Consider these examples:

Two Manitoba projects supported by Prairie Women's Health Centre of Excellence give insight into effective women's health planning and programming:
A Rural Women's Health Program: The Experience of the South Westman RHA, by Donner, L., 2002 and; I by Roberts, J., Falk, M.,and South Eastman Health, 2002.
  • It is well-known that young men commit suicide much more frequently than young women. Looking at gender - and understanding the differences in the lives of young women and young men - will help in the development of prevention and intervention strategies to reduce suicides among both young women and young men. The first case study in this guide deals with this issue, as well as the related problem of self-inflicted injuries among women. In this example, treating women and men the same way is not appropriate.

  • Canadian women live, on average, longer than Canadian men do. RHAs will therefore see more elderly women than men in hospital. Considering gender, and its many influences on the lives of senior women, will help to provide services that better meet the needs of these women. For example, their lower incomes mean that they are less able to purchase non-insured treatments such as certain prescription drugs, medical supplies and physiotherapy. Their caregiving roles may mean that senior women are themselves responsible for caring for others who are chronically ill. Again, in this case, treating women and men the same way is not appropriate.

  • Health education messages designed to prevent unwanted pregnancies have primarily focussed on young women. This has reinforced the stereotype that places most of the burden of responsibility for birth control on women. In this case, it would be more appropriate and effective to target both women and men.

What About Men’s Health?
A gender inclusive approach includes men and women. When women’s health is emphasized, it is because much more is already known about men’s health. Most health research in the past has been conducted on men, by men. The results may then be applied to women, leading to inappropriate or ineffective interventions.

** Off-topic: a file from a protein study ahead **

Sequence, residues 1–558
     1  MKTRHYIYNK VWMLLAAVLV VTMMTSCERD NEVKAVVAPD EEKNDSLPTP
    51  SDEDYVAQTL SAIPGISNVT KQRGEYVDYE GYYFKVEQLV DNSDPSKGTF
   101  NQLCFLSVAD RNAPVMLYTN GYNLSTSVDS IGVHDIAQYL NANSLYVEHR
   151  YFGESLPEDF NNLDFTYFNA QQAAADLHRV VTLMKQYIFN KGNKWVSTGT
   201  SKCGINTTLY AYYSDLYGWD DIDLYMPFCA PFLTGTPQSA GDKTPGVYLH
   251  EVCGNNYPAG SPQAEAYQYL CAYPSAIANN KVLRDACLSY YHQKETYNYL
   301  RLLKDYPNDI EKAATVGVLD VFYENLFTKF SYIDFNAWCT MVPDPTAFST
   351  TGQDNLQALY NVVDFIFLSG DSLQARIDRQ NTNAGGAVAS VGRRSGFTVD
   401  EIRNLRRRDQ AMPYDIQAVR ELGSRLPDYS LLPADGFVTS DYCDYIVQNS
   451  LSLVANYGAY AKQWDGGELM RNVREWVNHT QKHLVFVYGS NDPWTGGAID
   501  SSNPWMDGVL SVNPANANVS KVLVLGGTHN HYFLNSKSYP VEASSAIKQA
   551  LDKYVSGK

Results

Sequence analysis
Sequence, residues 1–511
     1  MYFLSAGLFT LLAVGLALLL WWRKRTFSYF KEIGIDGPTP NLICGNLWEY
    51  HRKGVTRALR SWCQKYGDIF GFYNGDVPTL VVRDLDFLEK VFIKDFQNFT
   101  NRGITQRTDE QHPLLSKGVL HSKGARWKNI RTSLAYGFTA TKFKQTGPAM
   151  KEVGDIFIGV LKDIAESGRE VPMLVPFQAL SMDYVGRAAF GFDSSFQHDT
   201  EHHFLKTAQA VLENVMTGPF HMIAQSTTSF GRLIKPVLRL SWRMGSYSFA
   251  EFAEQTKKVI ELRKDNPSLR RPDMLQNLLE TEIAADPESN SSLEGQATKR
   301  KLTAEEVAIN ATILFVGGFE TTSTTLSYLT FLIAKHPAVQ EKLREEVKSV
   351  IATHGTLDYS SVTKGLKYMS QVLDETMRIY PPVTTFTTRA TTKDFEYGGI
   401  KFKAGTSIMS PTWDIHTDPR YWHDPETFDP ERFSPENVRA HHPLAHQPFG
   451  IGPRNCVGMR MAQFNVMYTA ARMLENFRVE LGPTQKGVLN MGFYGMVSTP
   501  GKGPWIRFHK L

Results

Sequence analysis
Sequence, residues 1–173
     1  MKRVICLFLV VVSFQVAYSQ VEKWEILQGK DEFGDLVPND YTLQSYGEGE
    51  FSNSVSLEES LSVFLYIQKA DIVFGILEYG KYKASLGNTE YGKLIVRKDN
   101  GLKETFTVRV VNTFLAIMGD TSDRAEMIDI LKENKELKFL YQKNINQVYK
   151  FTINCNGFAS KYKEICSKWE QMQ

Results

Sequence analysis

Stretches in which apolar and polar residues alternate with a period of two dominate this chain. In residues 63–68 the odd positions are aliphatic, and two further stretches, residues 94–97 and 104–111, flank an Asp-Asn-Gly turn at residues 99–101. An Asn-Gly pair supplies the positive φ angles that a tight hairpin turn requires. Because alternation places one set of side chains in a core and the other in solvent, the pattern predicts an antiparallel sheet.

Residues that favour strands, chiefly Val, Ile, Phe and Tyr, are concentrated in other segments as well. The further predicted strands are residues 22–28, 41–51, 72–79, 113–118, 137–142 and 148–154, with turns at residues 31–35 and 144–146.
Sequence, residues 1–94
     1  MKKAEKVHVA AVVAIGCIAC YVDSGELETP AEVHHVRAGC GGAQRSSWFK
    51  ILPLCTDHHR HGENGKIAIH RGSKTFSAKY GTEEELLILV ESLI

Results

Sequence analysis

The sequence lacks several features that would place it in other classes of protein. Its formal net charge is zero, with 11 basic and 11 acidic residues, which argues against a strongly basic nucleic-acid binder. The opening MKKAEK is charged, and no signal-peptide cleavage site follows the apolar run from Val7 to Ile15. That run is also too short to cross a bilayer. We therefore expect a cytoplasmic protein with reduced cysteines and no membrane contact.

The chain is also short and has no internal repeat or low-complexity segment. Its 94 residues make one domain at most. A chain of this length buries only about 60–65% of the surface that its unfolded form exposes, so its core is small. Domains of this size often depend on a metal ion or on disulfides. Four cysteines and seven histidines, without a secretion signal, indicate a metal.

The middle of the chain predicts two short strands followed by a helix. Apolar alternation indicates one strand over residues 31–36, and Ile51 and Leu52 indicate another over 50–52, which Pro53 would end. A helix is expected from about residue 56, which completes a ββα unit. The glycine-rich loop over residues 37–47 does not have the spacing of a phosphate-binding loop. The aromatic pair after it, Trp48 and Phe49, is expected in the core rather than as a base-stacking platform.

Gender-based analysis gives us an opportunity to ask questions based on health data which is already available. It also helps point out information which may be missing from current data.

Why is Gender Important in Health Planning?
GBA is about more than identifying and analyzing issues specific to women (like hysterectomy rates and Caesarean section rates) or men (like prostate cancer) or issues more common to women (like breast cancer). GBA is a tool to apply when analyzing all aspects of health, and all parts of the health care system, because gender affects all aspects of the lives of women and men - everything from income and education to family responsibilities, and social supports to occupational health.
Good health planning is about using the available resources to help obtain the best possible health outcomes for all. However, providing the same programs and treatments for everyone in a region (that is, treating them equally), may not produce results which are equitable. Different programs or treatments may be necessary for women and men, boys and girls, in order to achieve the best possible results. GBA will help to identify and give priority to those areas where gender-sensitive interventions will lead to improved health.

Putting GBA to Work: Two Examples
The two case studies which follow are examples of GBA in action. These examples demonstrate how an understanding of gender can be practically applied to community health assessment and health planning work. They present some basic information and a series of questions for RHAs to consider when analyzing the influence of gender in their own communities.

1 Health Canada, 2002, 1
2 Health Canada, 1999, 35
3 Health Canada, 2002
4 Ministry of Health Services, 2001
5 Health Canada, 2002, 6
6 Donner, 2002, 1 - 3
7 Health Canada, 2000, 14
8 Grant, 2002